In general, the type of HIIT on bicycle ergometer increased hypoxanthine, xanthine, and serum HGPRT in two weeks, and decreased uric acid. Thus, it can be concluded that probably 6 sessions of high-intensity interval training for 15 minutes a day can lead to the increased excretion of purine nucleotides, improved recycling, and reduced inflammation and injury in untrained individuals.

Acknowledgements

Footnote

References

  • 1.

    Khakh BS, Burnstock G. The double life of ATP. Sci Am. 2009; 301(6) : 84 -90 [DOI][PubMed]

  • 2.

    Agteresch HJ, Dagnelie PC, van den Berg JW, Wilson JH. Adenosine triphosphate: established and potential clinical applications. Drugs. 1999; 58(2) : 211 -32 [DOI][PubMed]

  • 3.

    Stryer L, Berg JM, Tymoczko JL. Biochemistry: International Edition 2006;

  • 4.

    Ataullakhanov FI, Vitvitsky VM. What determines the intracellular ATP concentration. Biosci Rep. 2002; 22(5-6) : 501 -11 [DOI][PubMed]

  • 5.

    Atkinson DE. The energy charge of the adenylate pool as a regulatory parameter. Interaction with feedback modifiers. Biochemistry. 1968; 7(11) : 4030 -4 [DOI][PubMed]

  • 6.

    Zielinski J, Kusy K. Hypoxanthine: A Universal Metabolic Indicator of Training Status in Competitive Sports. Exerc Sport Sci Rev. 2015; 43(4) : 214 -21 [DOI][PubMed]

  • 7.

    Torres RJ, Puig JG. Hypoxanthine-guanine phosophoribosyltransferase (HPRT) deficiency: Lesch-Nyhan syndrome. Orphanet J Rare Dis. 2007; 2 : 48 [DOI][PubMed]

  • 8.

    Moffatt BA, Ashihara H. Purine and pyrimidine nucleotide synthesis and metabolism. Arabidopsis Book. 2002; 1[DOI][PubMed]

  • 9.

    Zielinski J, Kusy K, Slominska E. Alterations in purine metabolism in middle-aged elite, amateur, and recreational runners across a 1-year training cycle. Eur J Appl Physiol. 2013; 113(3) : 763 -73 [DOI][PubMed]

  • 10.

    Gibala MJ, Little JP, Macdonald MJ, Hawley JA. Physiological adaptations to low-volume, high-intensity interval training in health and disease. J Physiol. 2012; 590(5) : 1077 -84 [DOI][PubMed]

  • 11.

    Bartlett JD, Close GL, MacLaren DP, Gregson W, Drust B, Morton JP. High-intensity interval running is perceived to be more enjoyable than moderate-intensity continuous exercise: implications for exercise adherence. J Sports Sci. 2011; 29(6) : 547 -53 [DOI][PubMed]

  • 12.

    Tremblay A, Despres JP, Leblanc C, Craig CL, Ferris B, Stephens T, et al. Effect of intensity of physical activity on body fatness and fat distribution. Am J Clin Nutr. 1990; 51(2) : 153 -7 [PubMed]

  • 13.

    Trapp EG, Chisholm DJ, Freund J, Boutcher SH. The effects of high-intensity intermittent exercise training on fat loss and fasting insulin levels of young women. Int J Obes (Lond). 2008; 32(4) : 684 -91 [DOI][PubMed]

  • 14.

    Burgomaster KA, Hughes SC, Heigenhauser GJ, Bradwell SN, Gibala MJ. Six sessions of sprint interval training increases muscle oxidative potential and cycle endurance capacity in humans. J Appl Physiol (1985). 2005; 98(6) : 1985 -90 [DOI][PubMed]

  • 15.

    Zielinski J, Rychlewski T, Kusy K, Domaszewska K, Laurentowska M. The effect of endurance training on changes in purine metabolism: a longitudinal study of competitive long-distance runners. Eur J Appl Physiol. 2009; 106(6) : 867 -76 [DOI][PubMed]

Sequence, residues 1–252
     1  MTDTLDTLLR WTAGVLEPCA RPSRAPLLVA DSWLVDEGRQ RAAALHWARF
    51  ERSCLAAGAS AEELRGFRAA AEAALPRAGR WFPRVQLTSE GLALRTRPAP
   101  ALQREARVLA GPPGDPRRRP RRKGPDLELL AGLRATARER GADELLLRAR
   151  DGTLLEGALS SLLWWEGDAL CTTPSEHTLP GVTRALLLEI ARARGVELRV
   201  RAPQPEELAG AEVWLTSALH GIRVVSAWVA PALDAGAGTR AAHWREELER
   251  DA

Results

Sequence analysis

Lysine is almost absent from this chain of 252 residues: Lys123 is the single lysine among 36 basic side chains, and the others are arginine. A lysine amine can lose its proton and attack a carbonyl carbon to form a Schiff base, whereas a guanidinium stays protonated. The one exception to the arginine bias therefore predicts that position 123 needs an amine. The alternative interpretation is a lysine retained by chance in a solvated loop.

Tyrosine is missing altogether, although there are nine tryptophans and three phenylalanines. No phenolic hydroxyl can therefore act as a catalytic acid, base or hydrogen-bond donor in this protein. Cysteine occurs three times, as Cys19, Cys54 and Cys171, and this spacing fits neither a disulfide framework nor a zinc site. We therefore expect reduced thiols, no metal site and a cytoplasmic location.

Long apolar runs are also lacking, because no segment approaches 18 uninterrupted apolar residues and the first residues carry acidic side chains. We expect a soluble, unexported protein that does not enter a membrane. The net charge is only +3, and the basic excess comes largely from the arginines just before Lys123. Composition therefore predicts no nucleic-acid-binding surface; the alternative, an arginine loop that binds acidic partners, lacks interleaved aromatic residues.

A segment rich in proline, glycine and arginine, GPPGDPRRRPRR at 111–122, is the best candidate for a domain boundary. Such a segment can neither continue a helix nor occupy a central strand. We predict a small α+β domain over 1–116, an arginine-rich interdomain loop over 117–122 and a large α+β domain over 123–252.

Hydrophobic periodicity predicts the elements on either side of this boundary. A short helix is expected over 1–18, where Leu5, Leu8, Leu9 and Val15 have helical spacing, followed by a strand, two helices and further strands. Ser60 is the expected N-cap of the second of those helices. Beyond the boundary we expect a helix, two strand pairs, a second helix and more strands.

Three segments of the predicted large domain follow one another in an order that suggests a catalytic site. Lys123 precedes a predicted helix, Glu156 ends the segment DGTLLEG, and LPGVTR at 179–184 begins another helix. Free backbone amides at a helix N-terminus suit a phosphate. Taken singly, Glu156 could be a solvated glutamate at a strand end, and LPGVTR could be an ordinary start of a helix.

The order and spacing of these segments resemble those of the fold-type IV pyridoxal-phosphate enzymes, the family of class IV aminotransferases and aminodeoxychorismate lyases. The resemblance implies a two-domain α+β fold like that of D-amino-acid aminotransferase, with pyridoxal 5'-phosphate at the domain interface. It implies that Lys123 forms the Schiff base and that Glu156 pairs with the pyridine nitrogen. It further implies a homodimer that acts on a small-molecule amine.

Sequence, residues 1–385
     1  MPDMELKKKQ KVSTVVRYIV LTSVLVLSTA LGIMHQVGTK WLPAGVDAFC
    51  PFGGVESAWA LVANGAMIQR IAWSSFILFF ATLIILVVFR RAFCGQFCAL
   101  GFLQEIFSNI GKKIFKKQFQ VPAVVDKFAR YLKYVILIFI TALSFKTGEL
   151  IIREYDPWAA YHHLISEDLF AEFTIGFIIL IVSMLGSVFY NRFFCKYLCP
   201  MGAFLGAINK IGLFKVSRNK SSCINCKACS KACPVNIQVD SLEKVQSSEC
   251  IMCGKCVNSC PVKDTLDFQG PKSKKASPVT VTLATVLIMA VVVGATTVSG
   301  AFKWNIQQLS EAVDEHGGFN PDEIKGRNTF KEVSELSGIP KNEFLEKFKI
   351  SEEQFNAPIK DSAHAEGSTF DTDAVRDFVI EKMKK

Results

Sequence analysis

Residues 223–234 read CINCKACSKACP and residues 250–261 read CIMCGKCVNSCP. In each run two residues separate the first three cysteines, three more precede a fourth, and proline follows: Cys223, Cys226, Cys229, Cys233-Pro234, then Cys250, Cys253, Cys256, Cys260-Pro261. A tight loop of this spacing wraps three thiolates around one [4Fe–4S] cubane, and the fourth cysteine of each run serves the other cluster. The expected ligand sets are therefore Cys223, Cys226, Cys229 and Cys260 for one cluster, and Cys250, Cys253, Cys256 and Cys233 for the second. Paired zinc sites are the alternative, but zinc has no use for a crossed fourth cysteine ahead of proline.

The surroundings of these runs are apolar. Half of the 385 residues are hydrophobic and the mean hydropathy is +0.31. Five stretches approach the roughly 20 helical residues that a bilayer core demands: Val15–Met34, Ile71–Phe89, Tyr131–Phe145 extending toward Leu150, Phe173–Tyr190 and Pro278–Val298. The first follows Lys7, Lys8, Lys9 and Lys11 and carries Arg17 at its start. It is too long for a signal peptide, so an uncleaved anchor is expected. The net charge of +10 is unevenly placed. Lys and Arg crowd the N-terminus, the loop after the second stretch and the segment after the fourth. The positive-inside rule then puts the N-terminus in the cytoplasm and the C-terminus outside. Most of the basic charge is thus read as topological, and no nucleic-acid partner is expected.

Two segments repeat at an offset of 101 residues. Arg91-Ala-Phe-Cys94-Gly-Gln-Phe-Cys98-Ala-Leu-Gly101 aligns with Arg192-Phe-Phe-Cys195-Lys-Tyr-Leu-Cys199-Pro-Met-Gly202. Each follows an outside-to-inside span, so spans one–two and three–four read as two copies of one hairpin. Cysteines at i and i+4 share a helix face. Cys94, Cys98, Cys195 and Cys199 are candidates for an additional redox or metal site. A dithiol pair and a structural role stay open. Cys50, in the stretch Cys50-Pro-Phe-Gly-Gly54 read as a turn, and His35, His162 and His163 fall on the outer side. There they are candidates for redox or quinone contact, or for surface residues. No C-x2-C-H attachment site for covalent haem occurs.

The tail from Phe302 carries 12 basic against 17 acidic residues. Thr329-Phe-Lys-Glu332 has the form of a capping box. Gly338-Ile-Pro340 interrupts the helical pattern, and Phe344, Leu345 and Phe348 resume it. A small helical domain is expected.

• 16.

    Rychlewski T, Banaszak F, Szczęśniak Ł, Konys L, Jastrzębski A. Plasma hypoxanthine as an indicator of exercise intensity. Sportonomics. 1997; 1 : 47 -52

  • 17.

    Balsom PD, Seger JY, Sjodin B, Ekblom B. Physiological responses to maximal intensity intermittent exercise. Eur J Appl Physiol Occup Physiol. 1992; 65(2) : 144 -9 [DOI][PubMed]

  • 18.

    Sahlin K, Tonkonogi M, Soderlund K. Plasma hypoxanthine and ammonia in humans during prolonged exercise. Eur J Appl Physiol Occup Physiol. 1999; 80(5) : 417 -22 [DOI][PubMed]

  • 19.

    Gerber T, Borg ML, Hayes A, Stathis CG. High-intensity intermittent cycling increases purine loss compared with workload-matched continuous moderate intensity cycling. Eur J Appl Physiol. 2014; 114(7) : 1513 -20 [DOI][PubMed]

  • 20.

    Degoutte F, Jouanel P, Filaire E. Energy demands during a judo match and recovery. Br J Sports Med. 2003; 37(3) : 245 -9 [DOI][PubMed]

  • 21.

    Hellsten Y, Richter EA, Kiens B, Bangsbo J. AMP deamination and purine exchange in human skeletal muscle during and after intense exercise. J Physiol. 1999; 520 Pt 3 : 909 -20 [DOI][PubMed]

  • 22.

    Stathis CG, Febbraio MA, Carey MF, Snow RJ. Influence of sprint training on human skeletal muscle purine nucleotide metabolism. J Appl Physiol (1985). 1994; 76(4) : 1802 -9 [PubMed]

  • 23.

    Bizheh N, Jaafari M. Effects of regular aerobic exercise on cardiorespiratory fitness and levels of fibrinogen, fibrin D-dimer and uric acid in healthy and inactive middle aged men [In Persian]. J Shahrekord Univ Med Sci. 2012; 14(3) : 20 -9

  • 24.

    Nishida Y, Iyadomi M, Higaki Y, Tanaka H, Hara M, Tanaka K. Influence of physical activity intensity and aerobic fitness on the anthropometric index and serum uric acid concentration in people with obesity. Intern Med. 2011; 50(19) : 2121 -8 [DOI][PubMed]

  • 25.

    Zielinski J, Kusy K, Rychlewski T. Effect of training load structure on purine metabolism in middle-distance runners. Med Sci Sports Exerc. 2011; 43(9) : 1798 -807 [DOI][PubMed]

  • 26.

    Bompa T, Bompa G, Haff GG. Periodization: Theory and Methodology of Training. 1999;

  • 27.

    Niskanen LK, Laaksonen DE, Nyyssonen K, Alfthan G, Lakka HM, Lakka TA, et al. Uric acid level as a risk factor for cardiovascular and all-cause mortality in middle-aged men: a prospective cohort study. Arch Intern Med. 2004; 164(14) : 1546 -51 [DOI][PubMed]

  • COMMENTS

    LEAVE A COMMENT HERE: